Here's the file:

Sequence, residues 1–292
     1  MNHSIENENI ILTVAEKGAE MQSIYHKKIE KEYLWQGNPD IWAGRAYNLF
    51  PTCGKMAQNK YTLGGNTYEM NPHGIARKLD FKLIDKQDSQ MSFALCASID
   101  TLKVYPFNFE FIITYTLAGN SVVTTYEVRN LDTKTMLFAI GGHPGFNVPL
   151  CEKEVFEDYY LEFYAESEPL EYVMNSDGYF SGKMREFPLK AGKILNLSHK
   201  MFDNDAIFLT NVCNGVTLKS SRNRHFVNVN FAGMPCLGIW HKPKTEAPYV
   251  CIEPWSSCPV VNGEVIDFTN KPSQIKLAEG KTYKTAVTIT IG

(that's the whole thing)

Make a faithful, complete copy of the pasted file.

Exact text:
Sequence, residues 1–292
     1  MNHSIENENI ILTVAEKGAE MQSIYHKKIE KEYLWQGNPD IWAGRAYNLF
    51  PTCGKMAQNK YTLGGNTYEM NPHGIARKLD FKLIDKQDSQ MSFALCASID
   101  TLKVYPFNFE FIITYTLAGN SVVTTYEVRN LDTKTMLFAI GGHPGFNVPL
   151  CEKEVFEDYY LEFYAESEPL EYVMNSDGYF SGKMREFPLK AGKILNLSHK
   201  MFDNDAIFLT NVCNGVTLKS SRNRHFVNVN FAGMPCLGIW HKPKTEAPYV
   251  CIEPWSSCPV VNGEVIDFTN KPSQIKLAEG KTYKTAVTIT IG